The Arlington Independent School District is optimistic about its budget situation for the next school year, although a teachers group says it expects the situation to be tougher.
Both agree that this year was challenging.
"It was rough," said Steven Poole, United Educators Association deputy executive director. "A lot of schools cut budgets dramatically, and you saw an increase of class sizes."
"This was definitely a tough year," AISD spokeswoman Amy Casas said. "We had a lot of staffing reductions last year as a result of the state budget cuts."
Poole said expectations remained the same while staff was cut, adding increased pressure on teachers.
"Ultimately, the students suffer," he said. "Their education is being impacted by the cuts and the pressure. But the teachers are also feeling a lot of the pressure. You're seeing a lot of burnout, a lot of turnover and a lot of retirements when people aren't necessarily ready to retire."
Poole said he expects next year to be even tougher.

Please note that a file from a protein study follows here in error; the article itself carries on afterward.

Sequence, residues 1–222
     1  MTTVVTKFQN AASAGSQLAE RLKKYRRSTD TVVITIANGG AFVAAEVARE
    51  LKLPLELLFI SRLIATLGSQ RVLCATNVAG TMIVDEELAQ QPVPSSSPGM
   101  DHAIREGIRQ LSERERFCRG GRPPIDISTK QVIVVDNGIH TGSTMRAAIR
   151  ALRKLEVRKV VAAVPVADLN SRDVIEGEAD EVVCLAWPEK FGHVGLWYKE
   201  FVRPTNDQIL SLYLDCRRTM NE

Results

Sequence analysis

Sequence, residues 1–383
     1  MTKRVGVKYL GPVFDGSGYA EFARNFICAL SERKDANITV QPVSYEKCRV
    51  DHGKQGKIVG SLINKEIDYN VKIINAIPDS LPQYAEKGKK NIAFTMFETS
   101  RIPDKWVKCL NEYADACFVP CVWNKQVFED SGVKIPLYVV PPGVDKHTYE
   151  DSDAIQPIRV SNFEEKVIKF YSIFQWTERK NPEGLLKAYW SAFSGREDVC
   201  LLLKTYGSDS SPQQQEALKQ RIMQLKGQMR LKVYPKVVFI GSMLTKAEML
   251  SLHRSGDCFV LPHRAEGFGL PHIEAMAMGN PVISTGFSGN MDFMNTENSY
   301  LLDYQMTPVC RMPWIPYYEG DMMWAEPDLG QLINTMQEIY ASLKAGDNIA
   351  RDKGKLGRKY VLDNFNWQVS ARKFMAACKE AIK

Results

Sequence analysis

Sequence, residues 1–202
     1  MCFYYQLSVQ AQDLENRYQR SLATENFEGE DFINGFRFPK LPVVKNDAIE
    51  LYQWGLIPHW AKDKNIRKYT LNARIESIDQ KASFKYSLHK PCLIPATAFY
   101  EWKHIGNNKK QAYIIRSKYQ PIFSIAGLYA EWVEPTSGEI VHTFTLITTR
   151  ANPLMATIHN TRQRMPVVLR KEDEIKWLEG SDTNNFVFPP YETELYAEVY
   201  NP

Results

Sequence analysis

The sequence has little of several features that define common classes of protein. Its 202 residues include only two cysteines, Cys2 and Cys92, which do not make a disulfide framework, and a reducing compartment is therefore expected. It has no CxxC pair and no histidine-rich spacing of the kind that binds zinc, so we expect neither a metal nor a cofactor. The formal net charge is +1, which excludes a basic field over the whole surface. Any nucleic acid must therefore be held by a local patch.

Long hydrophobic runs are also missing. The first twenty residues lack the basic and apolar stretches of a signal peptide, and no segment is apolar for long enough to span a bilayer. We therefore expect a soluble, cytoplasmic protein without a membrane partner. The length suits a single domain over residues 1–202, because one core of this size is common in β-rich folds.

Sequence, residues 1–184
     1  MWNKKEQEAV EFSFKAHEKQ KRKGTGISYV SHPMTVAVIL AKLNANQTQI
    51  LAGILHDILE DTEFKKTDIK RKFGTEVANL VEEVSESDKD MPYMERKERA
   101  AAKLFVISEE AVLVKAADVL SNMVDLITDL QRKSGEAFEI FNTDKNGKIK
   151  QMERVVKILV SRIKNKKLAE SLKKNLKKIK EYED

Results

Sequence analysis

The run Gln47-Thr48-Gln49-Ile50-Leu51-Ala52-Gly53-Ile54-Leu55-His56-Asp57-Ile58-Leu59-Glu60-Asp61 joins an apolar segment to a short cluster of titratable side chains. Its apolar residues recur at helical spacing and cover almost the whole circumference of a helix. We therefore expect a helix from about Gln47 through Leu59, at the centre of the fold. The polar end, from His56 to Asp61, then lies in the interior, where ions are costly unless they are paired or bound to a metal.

"This year, the STAR exams didn't count towards accountability ratings, but next year they will, so the pressure is ramping up, and still schools are cutting their budgets," he said.
But the school district is a bit more optimistic, crediting the tough measures it took at schools last year for a much brighter outlook next year.
"Next year's outlook is definitely looking much better," Casas said. "We are right now in the preliminary phases of our budgeting process, but right now we're estimating a surplus."
The district said it doesn't not expect much from the state level.
"That's kind of become a reality -- that we're expecting additional cuts -- so that's something we're preparing for now," Casas said.
But despite the lack of state assistance, AISD said it is hoping to bring back many support staff positions that had to be slashed last year.